An article in The Pittsburgh Press publicized vaccine tests on children with disabilities. (Post-Gazette Archives)

In a much-less publicized effort, 14 children with polio at the Industrial Home for Crippled Children in Squirrel Hill, now the Children’s Institute, were given “whopping doses” to prove the vaccine didn’t affect the kidneys, according to an April 24, 1955, article in The Pittsburgh Press. Salk said his team had obtained parental consent for the three-month test.

Salk also inoculated volunteers, including his laboratory staff, himself, his wife and three sons.

Test results leaked slowly to the public before the Journal of the American Medical Association published them on March 28, 1953. The next day, Salk appeared on the cover of Time magazine.

Mass testing
Mass testing
Vaccine equipment — 5cc syringes, alcohol, cotton balls, forceps, a pan of needles and a vial of vaccine — is shown in this 1955 photo. (Post-Gazette Archives)

The National Foundation for Infantile Paralysis, now known as the March of Dimes, took control of the next phase: widespread testing. The foundation set up a Vaccine Advisory Committee, which designed the trials under the direction of Thomas Francis Jr., Salk’s mentor. 

Over Salk’s objections, the committee insisted the trials have one group given no vaccine, one group given a placebo and one group given the actual vaccine. Salk believed, as some people argue today, that giving someone a placebo was unethical, especially if that person later caught the disease.

Jonas Salk gives a child a vaccine at a Pittsburgh elementary school in February 1954. (University of Pittsburgh/Post-Gazette Archives)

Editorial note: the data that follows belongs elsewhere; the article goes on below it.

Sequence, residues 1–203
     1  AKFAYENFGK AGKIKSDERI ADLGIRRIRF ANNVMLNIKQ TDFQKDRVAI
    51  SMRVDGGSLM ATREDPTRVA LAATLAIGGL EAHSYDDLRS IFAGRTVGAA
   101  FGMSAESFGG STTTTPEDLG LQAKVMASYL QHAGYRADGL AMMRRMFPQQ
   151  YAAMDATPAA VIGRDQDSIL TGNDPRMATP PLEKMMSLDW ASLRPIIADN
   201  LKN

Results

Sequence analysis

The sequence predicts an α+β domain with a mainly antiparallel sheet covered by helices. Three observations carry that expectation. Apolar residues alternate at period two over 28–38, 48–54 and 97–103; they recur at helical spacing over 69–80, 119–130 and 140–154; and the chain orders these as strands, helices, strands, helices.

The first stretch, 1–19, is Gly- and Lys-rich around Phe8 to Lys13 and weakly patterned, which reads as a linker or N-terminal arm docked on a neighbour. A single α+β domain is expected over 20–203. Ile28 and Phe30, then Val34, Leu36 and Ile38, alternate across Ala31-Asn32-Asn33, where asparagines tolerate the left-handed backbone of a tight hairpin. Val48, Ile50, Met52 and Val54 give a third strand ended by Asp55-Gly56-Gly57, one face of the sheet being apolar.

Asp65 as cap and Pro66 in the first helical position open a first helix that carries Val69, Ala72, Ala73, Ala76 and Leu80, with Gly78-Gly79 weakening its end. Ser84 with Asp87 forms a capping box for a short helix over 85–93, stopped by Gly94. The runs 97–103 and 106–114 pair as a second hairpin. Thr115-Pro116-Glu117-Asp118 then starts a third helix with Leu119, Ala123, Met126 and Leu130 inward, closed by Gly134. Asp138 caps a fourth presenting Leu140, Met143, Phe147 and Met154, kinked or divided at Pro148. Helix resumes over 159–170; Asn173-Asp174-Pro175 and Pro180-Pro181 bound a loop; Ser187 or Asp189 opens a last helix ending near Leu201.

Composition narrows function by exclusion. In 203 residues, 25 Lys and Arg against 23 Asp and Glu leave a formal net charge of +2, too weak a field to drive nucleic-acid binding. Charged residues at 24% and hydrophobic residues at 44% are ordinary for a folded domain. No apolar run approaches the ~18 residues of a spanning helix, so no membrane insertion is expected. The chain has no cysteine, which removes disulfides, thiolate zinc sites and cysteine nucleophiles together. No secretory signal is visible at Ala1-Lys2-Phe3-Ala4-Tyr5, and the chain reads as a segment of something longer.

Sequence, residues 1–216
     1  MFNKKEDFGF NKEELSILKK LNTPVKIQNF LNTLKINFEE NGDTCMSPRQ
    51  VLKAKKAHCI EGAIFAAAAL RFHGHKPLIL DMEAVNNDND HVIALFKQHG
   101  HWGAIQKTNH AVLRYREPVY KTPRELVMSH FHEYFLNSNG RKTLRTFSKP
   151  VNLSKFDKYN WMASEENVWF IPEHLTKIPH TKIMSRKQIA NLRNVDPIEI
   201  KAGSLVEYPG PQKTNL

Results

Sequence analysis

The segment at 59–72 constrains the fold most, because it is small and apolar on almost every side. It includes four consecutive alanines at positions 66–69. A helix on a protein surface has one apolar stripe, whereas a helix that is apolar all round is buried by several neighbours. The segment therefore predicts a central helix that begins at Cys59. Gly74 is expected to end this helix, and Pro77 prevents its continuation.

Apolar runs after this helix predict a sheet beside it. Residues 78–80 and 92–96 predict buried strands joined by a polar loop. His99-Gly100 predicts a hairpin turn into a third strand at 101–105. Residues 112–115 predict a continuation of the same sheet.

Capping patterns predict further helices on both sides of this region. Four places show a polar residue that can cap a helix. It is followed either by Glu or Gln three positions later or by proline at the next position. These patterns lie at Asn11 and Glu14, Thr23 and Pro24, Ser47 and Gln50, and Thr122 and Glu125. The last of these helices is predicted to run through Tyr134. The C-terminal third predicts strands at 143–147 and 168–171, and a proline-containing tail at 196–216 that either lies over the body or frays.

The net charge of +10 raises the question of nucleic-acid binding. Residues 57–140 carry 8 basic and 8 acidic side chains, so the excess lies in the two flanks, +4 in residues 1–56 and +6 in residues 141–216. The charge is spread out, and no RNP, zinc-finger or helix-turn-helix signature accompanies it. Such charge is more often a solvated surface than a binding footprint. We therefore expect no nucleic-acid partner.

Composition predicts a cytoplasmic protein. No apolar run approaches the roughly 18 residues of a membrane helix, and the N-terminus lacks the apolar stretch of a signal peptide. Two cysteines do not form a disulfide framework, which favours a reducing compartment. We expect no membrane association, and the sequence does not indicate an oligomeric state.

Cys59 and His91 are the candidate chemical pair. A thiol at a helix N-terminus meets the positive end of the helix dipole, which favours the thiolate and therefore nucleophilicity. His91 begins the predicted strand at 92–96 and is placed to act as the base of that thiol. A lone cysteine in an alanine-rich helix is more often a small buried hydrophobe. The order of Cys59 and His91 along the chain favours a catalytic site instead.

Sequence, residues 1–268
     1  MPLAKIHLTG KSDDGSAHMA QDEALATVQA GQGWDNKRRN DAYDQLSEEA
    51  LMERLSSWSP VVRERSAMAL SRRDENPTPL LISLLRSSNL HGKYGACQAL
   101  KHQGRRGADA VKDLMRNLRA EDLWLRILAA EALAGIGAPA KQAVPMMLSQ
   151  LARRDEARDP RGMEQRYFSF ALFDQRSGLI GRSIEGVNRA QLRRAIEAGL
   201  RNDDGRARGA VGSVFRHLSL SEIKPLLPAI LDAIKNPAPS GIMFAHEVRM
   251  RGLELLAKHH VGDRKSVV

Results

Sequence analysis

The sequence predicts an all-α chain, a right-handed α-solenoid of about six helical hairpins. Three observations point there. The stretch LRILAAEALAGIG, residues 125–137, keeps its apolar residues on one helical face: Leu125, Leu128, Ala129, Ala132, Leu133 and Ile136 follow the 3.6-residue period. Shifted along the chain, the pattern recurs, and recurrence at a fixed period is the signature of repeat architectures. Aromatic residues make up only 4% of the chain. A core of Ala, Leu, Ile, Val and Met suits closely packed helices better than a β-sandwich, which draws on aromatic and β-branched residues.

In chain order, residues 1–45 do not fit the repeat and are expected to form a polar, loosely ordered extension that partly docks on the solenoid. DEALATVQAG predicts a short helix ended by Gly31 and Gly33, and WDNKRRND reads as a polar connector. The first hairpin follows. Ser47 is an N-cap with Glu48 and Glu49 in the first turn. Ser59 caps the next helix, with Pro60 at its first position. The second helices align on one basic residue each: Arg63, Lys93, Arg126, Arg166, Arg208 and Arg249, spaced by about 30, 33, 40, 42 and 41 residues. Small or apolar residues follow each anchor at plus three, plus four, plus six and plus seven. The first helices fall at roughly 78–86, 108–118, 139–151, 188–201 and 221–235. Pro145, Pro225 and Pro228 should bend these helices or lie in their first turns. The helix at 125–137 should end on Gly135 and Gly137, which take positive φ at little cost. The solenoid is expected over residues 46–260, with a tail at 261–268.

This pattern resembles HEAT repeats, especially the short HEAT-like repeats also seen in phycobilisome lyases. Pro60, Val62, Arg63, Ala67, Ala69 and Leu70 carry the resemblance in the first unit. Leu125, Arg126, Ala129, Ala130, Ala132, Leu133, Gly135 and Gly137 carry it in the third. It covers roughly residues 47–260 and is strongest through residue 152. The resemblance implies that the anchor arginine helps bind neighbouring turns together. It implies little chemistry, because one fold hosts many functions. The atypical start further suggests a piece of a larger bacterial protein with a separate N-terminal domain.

The foundation lined up Parke-Davis of Detroit to manufacture large vaccine quantities for the national tests.

Another pilot test was launched in February 1954 at the Arsenal school in Lawrenceville and at 18 other area schools involving some 4,000 elementary school students.

A national test was scheduled to begin that April, but Salk started the trial ahead of time, on March 22, in Pittsburgh, inoculating 2,500 elementary schoolchildren at Falk School in Oakland; St. Lawrence in Garfield; St. Stephens in Hazelwood; Holy Rosary in Homewood; Sacred Heart in East Liberty; Resurrection in Brookline; St. Basil in Carrick; and St. George in Allentown. 

The nationwide field test, funded by the national foundation, involved about 1.8 million first-, second- and third-grade schoolchildren with their parents’ consent in 44 states, including 5,000 from Pennsylvania. 

Park-Davis and Eli Lilly pharmaceutical companies manufactured the test vaccine material, which had to be packed on ice. The vaccine required three inoculations.

Nationwide, about 20,000 physicians and public health officers, 40,000 registered nurses, 14,000 school principals, 50,000 teachers, and 200,000 volunteer workers took part in the trials, according to records at the University of Michigan’s medicine history center.

It took nearly a year to process the test data.

150 reporters,
54,000 physicians
150 reporters, 54,000 physicians
Jonas Salk holds up the polio vaccine developed in his lab at one of several press conferences in Pittsburgh. (Morris Berman/Pittsburgh Post-Gazette Archives)

On April 12, 1955, Francis, director of the trials, presented the results at the University of Michigan in Ann Arbor, the site of his Vaccine Evaluation Center.

In a change from the usual dry atmosphere of a scientific conference, 150 reporters from print, radio and television attended, and 16 news cameras were lined up at the back of the room. Fifty-four thousand physicians watched remotely, and Eli Lilly paid $250,000 to broadcast the proceedings. Europeans tuned to Voice of America to hear the presentation.